|Aug-12-14|| ||kevin86: Queen and bishop dominate this one.
Good-Bye Robin Williams: Oh, Captain my Captain.
|Aug-12-14|| ||Phony Benoni: <Petrosianic> I'm sure no actual resemblance between Steinitz and Williams is meant. The pun is based simply on the similarity between Steinitz's name and the title of the film for which Williams received an Oscar.|
Were Williams granted grandmaster strength and admitted to the Chess Pantheon, the only player I can imagine enjoying a game with him would be La Bourddnnais. Possibly Tal, but I don't get the same sort of vibes from him, and imagine he would quickly want to return to the pleasures of playing Korchnoi.
|Aug-12-14|| ||tamar: Only a few players have had Robin Williams' manic mode. La Bourdonnais, as mentioned, and Harrwitz, who used to kibitz with the spectators between moves.|
I'd like to see Williams as Harrwitz in a rare win over Staunton, when Staunton started muttering unhappily about losing a pawn, and Harrwitz gleefully called his servant over, and asked him to check under the table because "Mr Staunton has lost a pawn".
|Aug-12-14|| ||thegoodanarchist: The black king makes a sorry sight, sitting on e5 with enemy bishops and queen swarming about. Nice game by Wil!|
|Aug-12-14|| ||Check It Out: I like the pun. Bye, Mork. See you on the flip side.|
|Oct-21-14|| ||Ke2: <LTJ> Not 29. g4#? Tasteless.|
|Jan-02-15|| ||Ulhumbrus: If the pawn attack 11 h4 commits White to castling on the queen side this suggests the queen side pawn counter-attack 11...b5 to be followed by ...b4|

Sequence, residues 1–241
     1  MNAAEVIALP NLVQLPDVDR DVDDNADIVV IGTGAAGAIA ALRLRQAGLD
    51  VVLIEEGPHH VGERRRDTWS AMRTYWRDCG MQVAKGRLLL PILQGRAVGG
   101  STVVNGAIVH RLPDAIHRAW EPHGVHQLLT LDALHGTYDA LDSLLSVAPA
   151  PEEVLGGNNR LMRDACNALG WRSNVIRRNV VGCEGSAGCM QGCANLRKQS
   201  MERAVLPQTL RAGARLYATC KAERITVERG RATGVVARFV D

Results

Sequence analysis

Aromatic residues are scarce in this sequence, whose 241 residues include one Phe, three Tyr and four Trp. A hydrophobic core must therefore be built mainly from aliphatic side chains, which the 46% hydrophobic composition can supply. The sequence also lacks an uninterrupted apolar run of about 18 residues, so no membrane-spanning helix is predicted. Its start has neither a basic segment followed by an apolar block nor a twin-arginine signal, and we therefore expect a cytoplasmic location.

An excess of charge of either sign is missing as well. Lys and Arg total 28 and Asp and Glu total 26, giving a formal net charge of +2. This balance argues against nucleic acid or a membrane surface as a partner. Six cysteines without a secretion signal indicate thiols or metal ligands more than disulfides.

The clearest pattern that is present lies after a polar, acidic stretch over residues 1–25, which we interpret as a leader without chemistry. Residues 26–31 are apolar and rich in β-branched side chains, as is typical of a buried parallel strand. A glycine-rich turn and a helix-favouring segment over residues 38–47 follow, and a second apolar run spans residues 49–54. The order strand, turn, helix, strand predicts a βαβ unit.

|Jan-03-15|| ||Ulhumbrus: Perhaps what can be said of the move 7 h4 in the game Capablanca vs C H Alexander, 1936 can be said as well of the move 11 h4 in the present game: If the move h4 commits White to castling on the queen side this suggests a pawn counter-attack on the queen side by ...b5 and ...b4.|
|Jan-20-15|| ||Gypsy: <tamar: Only a few players have had Robin Williams' manic mode. La Bourdonnais, as mentioned, and Harrwitz, who used to kibitz with the spectators between moves.|
I'd like to see Williams as Harrwitz in a rare win over Staunton, when Staunton started muttering unhappily about losing a pawn, and Harrwitz gleefully called his servant over, and asked him to check under the table because "Mr Staunton has lost a pawn".>
Legends have it that Steinitz, too, could turn manic alright: Once, during tournament play, a spectator stopped Wilhelm during stroll and asked for an explanation of the last move with pawn. He, the spectator, that is, did not understand the move at all! To this, Steinitz replied: <Have you ever observed a monkey exploring a pocket watch?>
|Jan-21-15|| ||tamar: <Gypsy> Manic players tend to annoy others, who see their behavior as deliberately insulting. Steinitz recorded that Morphy was startled when he accosted him on the streets of New Orleans, but blamed the crowds rather than himself for Morphy's quick exit from their encounter. |
Alekhine could be added to the list of manic players. I like the quote of Euwe "… at the chessboard he was mighty, away from chess … he was like a little boy who would get up to mischief and naively think that no one was watching him."